Friday, March 21, 2014
Saturday Second Week of Lent
March 22, 2014
Saturday Second Week of Lent
Mi 7: 14-15, 18-20 / Ps 103: 1-2, 3-4, 9-10, 11-12 / Lk 15: 1-3, 11-32
Reading: Mi 7: 14-15, 18-20
Shepherd your people with your staff, shepherd the flock of your inheritance that dwells alone in the scrub, in the midst of a fertile land. Let them feed in Bashan and Gilead as in the days of old, in the days when you went out of Egypt. Show us your wonders. Who is a god like you, who takes away guilt and pardons crime for the remnant of his inheritance? Who is like you whose anger does not last? For you delight in merciful forgiveness. Once again you will show us your loving kindness and trample on our wrongs, casting all our sins into the depths of the sea. Show faithfulness to Jacob, mercy to Abraham, as you have sworn to our ancestors from the days of old.
Gospel: Lk 15: 1-3, 11-32
Meanwhile tax collectors and sinners were seeking the company of Jesus, all of them eager to hear what he had to say. But the Pharisees and the scribes frowned at this, muttering. "This man welcomes sinners and eats with them." So Jesus told them this parable: Jesus continued, "There was a man with two sons. The younger said to his father: 'Give me my share of the estate.' So the father divided his property between them. Some days later, the younger son gathered all his belongings and started off for a distant land where he squandered his wealth in loose living. Having spent everything, he was hard pressed when a severe famine broke out in that land. So he hired himself out to a well-to-do citizen of that place and was sent to work on a pig farm. So famished was he that he longed to fill his stomach even with the food given to the pigs, but no one offered him anything. Finally coming to his senses, he said: 'How many of my father's hired workers have food to spare, and here I am starving to death! I will get up and go back to my father and say to him: Father, I have sinned against God and before you. I no longer deserve to be called your son. Treat me then as one of your hired servants.' With that thought in mind he set off for his father's house. He was still a long way off when his father caught sight of him. His father was so deeply moved with compassion that he ran out to meet him, threw his arms around his neck and kissed him. The son said: 'Father, I have sinned against Heaven and before you. I no longer deserve to be called your son...' But the father turned to his servants: 'Quick! Bring out the finest robe and put it on him. Put a ring on his finger and sandals on his feet. Take the fattened calf and kill it. We shall celebrate and have a feast, for this son of mine was dead and has come back to life. He was lost and is found.' And the celebration began. Meanwhile, the elder son had been working in the fields. As he returned and was near the house, he heard the sound of music and dancing. He called one of the servants and asked what it was all about. The servant answered: 'Your brother has come home safe and sound, and your father is so happy about it that he has ordered this celebration and killed the fattened calf.' The elder son became angry and refused to go in. His father came out and pleaded with him. The indignant son said: 'Look, I have slaved for you all these years. Never have I disobeyed your orders. Yet you have never given me even a young goat to celebrate with my friends. Then when this son of yours returns after squandering your property with loose women, you kill the fattened calf for him.' The father said: 'My son, you are always with me, and everything I have is yours. But this brother of yours was dead, and has come back to life. He was lost and is found. And for that we had to rejoice and be glad.'"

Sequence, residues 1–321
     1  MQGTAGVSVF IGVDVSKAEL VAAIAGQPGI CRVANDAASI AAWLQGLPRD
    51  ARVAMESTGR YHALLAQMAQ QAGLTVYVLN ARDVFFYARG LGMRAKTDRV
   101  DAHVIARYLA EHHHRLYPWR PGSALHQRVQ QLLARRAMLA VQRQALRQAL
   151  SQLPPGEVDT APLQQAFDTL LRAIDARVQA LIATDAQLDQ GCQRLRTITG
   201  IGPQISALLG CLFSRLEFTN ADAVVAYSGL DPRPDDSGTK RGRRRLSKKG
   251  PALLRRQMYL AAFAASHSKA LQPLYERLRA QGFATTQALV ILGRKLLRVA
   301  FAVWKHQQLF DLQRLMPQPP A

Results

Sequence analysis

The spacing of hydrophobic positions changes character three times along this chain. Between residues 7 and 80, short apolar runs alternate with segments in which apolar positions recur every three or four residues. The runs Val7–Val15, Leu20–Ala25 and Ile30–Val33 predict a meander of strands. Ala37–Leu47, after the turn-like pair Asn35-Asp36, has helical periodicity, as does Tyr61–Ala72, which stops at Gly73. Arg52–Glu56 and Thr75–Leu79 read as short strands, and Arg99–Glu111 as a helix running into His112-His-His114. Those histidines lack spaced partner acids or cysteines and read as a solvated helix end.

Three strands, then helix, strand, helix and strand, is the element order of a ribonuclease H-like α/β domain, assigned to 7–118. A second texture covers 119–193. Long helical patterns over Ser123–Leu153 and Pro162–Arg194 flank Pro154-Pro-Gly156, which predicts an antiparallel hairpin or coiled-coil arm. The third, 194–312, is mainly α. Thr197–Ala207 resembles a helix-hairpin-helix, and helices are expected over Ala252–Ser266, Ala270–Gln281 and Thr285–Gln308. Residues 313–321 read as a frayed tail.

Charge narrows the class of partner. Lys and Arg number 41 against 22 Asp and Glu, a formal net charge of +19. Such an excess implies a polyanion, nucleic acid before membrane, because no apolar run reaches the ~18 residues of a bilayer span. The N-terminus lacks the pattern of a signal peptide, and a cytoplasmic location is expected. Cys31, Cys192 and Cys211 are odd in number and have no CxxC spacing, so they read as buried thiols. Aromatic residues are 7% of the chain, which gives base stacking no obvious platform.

In this parable the father represents our Lord God who is ever forgiving of our wrongdoings. He offers us mercy and allows us to repent so we may be able to receive His grace. The younger son has everything, and yet he chooses to live on his own. In the end when everything goes wrong and he has nowhere to go to and nothing to eat, he realizes his mistake. He lowers his pride and in words of a layman, he says, "Sorry." On the other hand, the elder son obeys and works for his father. Seeing his younger brother come back and his father accepting him with open arms maddens him. How come his hard work has not proved to have any reward to bear fruit, and yet his younger brother who has not even bothered to work received such rewards?
Sometimes some of us do not understand how God works. He gives blessings to those who have gone and come back and nothing to those who stay by His side. But is it really nothing? No. We work in order to give back what He has given us, and He has given us so much, even His only begotten Son. In verse 31, the Father voiced out that everything He has is ours and He is glad that we are by Him. This is the reward, of being by His side and being saved from sin.
Not only does this story apply in the family, but also in relationships, friends or in a stressful work area. Which characters are we in the story? Do you see yourself as the younger son, or as the elder son? We may already have heard this story countless times, but there will always be a new way to look at it.
We pray ...
... for a deep and profound respect for life, especially for the unborn.
... for all the prayer intentions in the MTQ Dailyprayer Diary.
... for families who are in need of healing.
... for world peace and reconciliation.
... for the repose of the soul
* Arbie Katigbak
... for special intentions
* Fr. Aristotle Dy, SJ
Finally, we pray for one another, for those who have asked our prayers and for those who need our prayers the most.
Have a good day!
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